So the unloading of Shane Victorino and Hunter Pence, while sad, made sense. Not only were the two outfielders extraneous for 2013 — Victorino will be a free agent and Pence will be overpaid in his last year of arbitration — they were also, out of all the journeymen and jokers who populate the home dugout at Citizens Bank Park, unquestionably the most likely to follow a nude Will Ferrell sprinting into the quad, the sort of dudes you can’t get enough of when the drinks are flowing and can’t get away from fast enough once the sun comes up. Victorino is an ADD-addled goofball, the sort of hyperactive gadfly who infuriates everyone except for the home crowd. His story — from Rule 5 pick (who was offered back to the Dodgers and refused — they weren’t so foolish a second time) to All-Star — is heartwarming and exactly the sort of far-fetched narrative that resonates in a town built on Vince Papale and peanut chews. With a body type indistinguishable from his bobble head, a route-running style best described as “chaotic neutral” and inarguably terrible taste in Christian reggae, Victorino was the rare fan favorite capable of both kicking off the Phillies’ golden era (with his Rocky-climbing-the-stairs grand slam against CC Sabathia in the 2008 NLDS) and headlining the team blooper reel with his adorkable defense.


Hunter Pence, a gawky Texan who plays the game like an overly caffeinated baby horse, was acquired in a deadline deal last year that now looks like a drastic overpay. Still, during his short time as Victorino’s spastic wingman, Pence charmed the city and coined at least one keeper of a catchphrase. But it’s for the best that he’s now free to ply his bread-marketing skills in sourdough-obsessed San Francisco. Pence is an indulgence, a sports car you just can’t resist added to an already overstuffed garage. (Three of the starting pitchers are Maybachs. Joe Blanton is a doughnut truck.) It doesn’t make much sense to fuss over the corners when the foundation is crumbling.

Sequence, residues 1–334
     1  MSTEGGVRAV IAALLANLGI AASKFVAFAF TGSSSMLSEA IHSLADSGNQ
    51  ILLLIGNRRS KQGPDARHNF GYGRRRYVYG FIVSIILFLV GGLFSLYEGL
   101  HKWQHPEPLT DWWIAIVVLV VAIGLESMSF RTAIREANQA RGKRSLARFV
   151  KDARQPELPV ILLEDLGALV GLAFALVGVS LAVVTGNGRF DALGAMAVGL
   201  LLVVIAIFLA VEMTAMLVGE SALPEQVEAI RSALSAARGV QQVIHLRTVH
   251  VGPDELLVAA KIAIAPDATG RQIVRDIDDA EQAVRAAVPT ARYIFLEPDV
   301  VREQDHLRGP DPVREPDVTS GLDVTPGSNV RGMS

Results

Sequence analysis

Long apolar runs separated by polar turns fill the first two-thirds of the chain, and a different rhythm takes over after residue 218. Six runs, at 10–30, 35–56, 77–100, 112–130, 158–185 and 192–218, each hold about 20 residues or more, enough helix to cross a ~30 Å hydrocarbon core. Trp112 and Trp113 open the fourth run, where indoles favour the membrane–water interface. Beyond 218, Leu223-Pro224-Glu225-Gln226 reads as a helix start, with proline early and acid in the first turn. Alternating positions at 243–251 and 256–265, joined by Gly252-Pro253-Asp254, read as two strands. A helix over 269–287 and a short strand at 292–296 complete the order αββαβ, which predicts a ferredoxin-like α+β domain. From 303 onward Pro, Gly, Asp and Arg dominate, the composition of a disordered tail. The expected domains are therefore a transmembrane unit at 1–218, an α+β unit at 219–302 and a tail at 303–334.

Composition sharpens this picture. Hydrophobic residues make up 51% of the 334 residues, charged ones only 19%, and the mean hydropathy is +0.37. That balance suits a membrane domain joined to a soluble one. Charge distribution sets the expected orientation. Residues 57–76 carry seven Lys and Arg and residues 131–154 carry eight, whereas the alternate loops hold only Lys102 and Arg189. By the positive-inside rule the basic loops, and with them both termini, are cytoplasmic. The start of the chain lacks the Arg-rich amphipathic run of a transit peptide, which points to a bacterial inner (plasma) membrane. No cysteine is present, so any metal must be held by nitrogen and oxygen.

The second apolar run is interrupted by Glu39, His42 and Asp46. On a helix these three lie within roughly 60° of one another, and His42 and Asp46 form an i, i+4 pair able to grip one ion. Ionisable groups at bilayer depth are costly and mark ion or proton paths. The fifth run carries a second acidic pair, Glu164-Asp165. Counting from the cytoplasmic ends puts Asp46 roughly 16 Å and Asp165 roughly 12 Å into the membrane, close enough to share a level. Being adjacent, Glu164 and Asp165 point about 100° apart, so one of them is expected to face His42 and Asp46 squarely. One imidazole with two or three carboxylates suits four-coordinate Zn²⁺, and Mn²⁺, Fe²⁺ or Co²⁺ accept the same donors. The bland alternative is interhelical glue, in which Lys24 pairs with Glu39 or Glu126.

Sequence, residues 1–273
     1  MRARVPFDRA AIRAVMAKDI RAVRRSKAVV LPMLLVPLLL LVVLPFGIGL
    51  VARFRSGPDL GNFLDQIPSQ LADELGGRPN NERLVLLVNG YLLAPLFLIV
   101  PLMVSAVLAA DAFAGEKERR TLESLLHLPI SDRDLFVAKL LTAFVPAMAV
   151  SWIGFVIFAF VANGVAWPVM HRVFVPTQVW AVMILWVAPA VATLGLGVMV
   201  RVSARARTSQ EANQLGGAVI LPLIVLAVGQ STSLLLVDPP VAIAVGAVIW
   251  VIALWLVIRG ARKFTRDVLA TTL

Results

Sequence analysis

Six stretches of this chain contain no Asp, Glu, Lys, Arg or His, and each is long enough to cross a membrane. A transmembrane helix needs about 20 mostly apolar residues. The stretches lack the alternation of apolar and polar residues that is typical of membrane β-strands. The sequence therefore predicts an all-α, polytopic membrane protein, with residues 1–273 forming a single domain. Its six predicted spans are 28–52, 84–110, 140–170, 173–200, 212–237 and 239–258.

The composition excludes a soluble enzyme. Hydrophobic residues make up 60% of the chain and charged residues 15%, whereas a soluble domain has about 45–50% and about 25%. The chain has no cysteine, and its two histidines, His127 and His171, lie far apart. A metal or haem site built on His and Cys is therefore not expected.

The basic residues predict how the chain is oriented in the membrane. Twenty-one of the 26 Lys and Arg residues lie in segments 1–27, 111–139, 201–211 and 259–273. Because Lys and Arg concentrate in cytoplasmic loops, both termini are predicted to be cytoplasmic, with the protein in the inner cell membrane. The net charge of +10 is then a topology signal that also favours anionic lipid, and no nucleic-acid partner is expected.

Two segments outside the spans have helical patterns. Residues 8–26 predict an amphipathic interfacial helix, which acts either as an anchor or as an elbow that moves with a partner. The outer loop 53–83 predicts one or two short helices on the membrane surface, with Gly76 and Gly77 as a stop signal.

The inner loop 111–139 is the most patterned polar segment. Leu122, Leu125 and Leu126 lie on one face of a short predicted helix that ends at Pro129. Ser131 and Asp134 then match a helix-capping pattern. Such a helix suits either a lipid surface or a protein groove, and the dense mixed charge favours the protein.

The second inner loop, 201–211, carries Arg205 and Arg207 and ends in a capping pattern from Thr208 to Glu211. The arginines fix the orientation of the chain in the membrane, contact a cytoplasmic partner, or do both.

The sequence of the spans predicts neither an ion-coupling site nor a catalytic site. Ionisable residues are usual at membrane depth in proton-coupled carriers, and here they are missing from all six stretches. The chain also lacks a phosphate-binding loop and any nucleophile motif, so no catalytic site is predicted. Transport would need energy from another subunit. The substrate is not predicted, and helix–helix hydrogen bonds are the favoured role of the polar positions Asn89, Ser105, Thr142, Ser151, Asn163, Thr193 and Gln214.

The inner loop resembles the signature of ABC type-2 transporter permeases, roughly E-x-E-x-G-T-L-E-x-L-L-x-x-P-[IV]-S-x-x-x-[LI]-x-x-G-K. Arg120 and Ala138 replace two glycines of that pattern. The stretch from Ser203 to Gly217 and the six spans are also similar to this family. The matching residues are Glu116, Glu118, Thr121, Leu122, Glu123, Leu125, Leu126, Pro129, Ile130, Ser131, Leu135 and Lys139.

This wasn’t exactly a fire sale; after all, just a week before running the home white jersey up the flagpole, Ruben Amaro handed Cole Hamels the GDP of the Falkland Islands. It seems more like a necessary bankruptcy, a chance to clear old debts and bad habits and start fresh, or at least as fresh as possible with four years remaining on Ryan Howard’s contract. All week people have asked me how it felt to see the core of the best Philadelphia team of my (and probably everyone’s) lifetime partially dismantled, and I haven’t known what to tell them. Weirdly, it almost felt like a relief.

Baseball is often called a slow game, but things can get bad in a hurry; watching the 2012 Phillies — all Chad Qualls meatballs and lumbering doofs like Ty Wigginton butchering grounders — was a throwback to the dark days of Omar Daal. Worse, actually; having been to the mountaintop, it’s hard to go back to the ditch. There’s nothing more rewarding as a fan than watching favorite players mature and nothing worse than watching them decay. Clearing the decks — and the outfield — not only opened up much-needed real estate for the Phillies’ best (and only!) prospect, Domonic Brown, it also released all the accumulated stresses and expectations of a jittery, unlikely stay at the top. These last five years have been a fizzy blur, but at a certain point things got a little overshaken. It’s like a champagne bottle in the kind of clubhouse celebration Philadelphia won’t be seeing for a while: When the top (of the order) is removed, all the pressure is finally released. And as Frank Ricard — hell, even Laynce Nix — could tell you, the only thing left to do after that is drink.

Filed Under: Andy Greenwald, Philadelphia Phillies, Philly Phanatics

Andy Greenwald is a staff writer for Grantland.